In chemistry, we learn about the three main types of materials in terms of their electrical properties: conductors (typically metals like copper or gold), non-conductors (most materials with covalent bonds), and semiconductors (something like silicon). But how and why are there different behaviors - all atoms are made of the same pieces, so why the variety of materials?
The answer can begin to be found with a relatively simple model called band theory. This uses the concept of fixed energy levels that you first learn about studying the Bohr model of an atom in chemistry. Bound electrons of atoms can only have specific, fixed energies. But this picture gets muddied when you start thinking about real materials with lots of atoms - all these atoms interact with each other because they are all made from electric charges. These interactions cause the energy levels of individual atoms to shift slightly, where some increase in energy and others decrease. Collectively, the energy levels blur and form more of a continuous energy band. Specifically, two bands form, one where the bound electrons exist (valence band) and one where they have enough energy to move freely through the material (conduction band). To be a conductor requires many free electrons in the conduction band.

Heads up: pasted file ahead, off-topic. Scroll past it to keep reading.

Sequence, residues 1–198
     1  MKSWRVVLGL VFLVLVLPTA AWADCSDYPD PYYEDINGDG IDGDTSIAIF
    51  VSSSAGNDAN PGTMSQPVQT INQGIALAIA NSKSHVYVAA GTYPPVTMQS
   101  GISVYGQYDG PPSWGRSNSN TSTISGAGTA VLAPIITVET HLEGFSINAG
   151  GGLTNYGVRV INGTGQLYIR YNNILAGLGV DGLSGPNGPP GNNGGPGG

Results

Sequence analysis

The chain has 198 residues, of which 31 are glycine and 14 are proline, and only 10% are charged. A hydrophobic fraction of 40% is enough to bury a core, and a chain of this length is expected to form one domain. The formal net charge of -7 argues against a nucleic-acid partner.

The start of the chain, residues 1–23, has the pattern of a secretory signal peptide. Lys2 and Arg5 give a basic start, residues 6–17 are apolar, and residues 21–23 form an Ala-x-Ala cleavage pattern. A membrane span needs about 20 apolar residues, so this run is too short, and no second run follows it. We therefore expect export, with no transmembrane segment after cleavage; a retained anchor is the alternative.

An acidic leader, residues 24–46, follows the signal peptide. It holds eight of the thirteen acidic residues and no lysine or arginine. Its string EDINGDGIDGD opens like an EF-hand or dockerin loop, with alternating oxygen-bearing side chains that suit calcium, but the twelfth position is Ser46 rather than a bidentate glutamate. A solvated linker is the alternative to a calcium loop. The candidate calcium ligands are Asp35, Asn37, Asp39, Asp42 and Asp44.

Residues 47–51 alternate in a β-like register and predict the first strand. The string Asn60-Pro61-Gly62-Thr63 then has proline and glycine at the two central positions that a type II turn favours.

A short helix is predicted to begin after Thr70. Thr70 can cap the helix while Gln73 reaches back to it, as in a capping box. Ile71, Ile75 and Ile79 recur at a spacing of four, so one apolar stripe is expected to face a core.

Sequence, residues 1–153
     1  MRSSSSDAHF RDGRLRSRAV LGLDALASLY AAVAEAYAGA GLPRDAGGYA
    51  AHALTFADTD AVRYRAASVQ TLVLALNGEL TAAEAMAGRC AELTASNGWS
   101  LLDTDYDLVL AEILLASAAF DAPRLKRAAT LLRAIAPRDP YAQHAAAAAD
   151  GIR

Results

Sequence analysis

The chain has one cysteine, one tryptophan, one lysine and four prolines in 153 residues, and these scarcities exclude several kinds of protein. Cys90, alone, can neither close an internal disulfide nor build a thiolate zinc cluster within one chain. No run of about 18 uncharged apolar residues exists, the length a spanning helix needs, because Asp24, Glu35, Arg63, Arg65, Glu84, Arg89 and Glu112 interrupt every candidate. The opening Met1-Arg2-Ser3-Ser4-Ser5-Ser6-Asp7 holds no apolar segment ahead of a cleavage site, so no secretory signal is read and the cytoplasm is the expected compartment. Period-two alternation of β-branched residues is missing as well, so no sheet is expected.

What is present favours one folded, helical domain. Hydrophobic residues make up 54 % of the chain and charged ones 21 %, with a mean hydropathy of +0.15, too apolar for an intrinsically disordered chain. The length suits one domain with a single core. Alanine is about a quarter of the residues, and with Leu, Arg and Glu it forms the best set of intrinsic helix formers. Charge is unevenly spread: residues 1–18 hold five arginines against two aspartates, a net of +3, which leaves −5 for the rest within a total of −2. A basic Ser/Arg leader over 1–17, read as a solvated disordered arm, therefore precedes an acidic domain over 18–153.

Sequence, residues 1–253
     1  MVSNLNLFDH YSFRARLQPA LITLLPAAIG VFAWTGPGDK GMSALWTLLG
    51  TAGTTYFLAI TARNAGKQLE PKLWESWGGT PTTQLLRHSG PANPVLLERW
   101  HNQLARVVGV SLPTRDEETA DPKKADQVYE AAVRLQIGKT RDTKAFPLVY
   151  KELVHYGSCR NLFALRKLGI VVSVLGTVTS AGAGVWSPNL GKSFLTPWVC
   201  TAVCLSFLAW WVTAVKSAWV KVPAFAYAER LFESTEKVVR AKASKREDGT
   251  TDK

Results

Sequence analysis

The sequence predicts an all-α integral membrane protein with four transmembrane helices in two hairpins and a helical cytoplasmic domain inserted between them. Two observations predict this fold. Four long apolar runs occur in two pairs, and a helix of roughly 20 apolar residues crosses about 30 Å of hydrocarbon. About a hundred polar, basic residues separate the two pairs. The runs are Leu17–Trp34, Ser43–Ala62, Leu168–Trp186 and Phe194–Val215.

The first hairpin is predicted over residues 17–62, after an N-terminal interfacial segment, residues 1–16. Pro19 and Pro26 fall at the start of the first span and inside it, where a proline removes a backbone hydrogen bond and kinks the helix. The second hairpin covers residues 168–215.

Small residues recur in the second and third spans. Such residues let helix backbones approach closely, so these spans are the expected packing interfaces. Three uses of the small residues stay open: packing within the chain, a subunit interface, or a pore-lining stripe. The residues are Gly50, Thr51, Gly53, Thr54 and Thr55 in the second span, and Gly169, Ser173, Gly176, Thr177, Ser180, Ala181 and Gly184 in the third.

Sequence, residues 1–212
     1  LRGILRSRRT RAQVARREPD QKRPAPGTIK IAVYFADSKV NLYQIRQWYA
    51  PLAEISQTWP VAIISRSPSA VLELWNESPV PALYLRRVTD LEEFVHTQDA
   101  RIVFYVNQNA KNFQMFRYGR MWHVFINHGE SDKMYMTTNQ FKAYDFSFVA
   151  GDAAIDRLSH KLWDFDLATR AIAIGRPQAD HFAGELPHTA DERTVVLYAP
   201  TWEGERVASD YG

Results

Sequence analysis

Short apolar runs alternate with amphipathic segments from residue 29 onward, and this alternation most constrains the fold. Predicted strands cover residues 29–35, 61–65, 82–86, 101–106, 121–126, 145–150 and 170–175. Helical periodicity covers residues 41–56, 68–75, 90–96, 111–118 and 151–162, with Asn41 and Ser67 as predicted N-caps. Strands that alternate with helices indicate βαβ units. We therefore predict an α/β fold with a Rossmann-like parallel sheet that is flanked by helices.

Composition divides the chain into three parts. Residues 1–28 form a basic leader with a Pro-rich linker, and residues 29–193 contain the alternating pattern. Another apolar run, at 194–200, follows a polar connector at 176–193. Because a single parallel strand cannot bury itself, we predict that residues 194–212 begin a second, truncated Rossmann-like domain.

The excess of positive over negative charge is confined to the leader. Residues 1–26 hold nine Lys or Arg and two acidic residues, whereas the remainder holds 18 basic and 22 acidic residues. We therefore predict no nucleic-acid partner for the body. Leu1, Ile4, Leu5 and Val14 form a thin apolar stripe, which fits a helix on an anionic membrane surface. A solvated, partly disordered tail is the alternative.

Non-conductors have a large gap between the valence and conduction bands; semiconductors have small gaps between the two bands, and conductors have an overlapping between the two bands, meaning all sorts of electrons are free to move through the material. Some call this the 'sea of electrons' in a conducting material. Check out the model! Also, feel free to play with a PhET simulation where you can have 1 - 10 atoms (or wells) near each other, and see how the energy levels change to begin forming bands.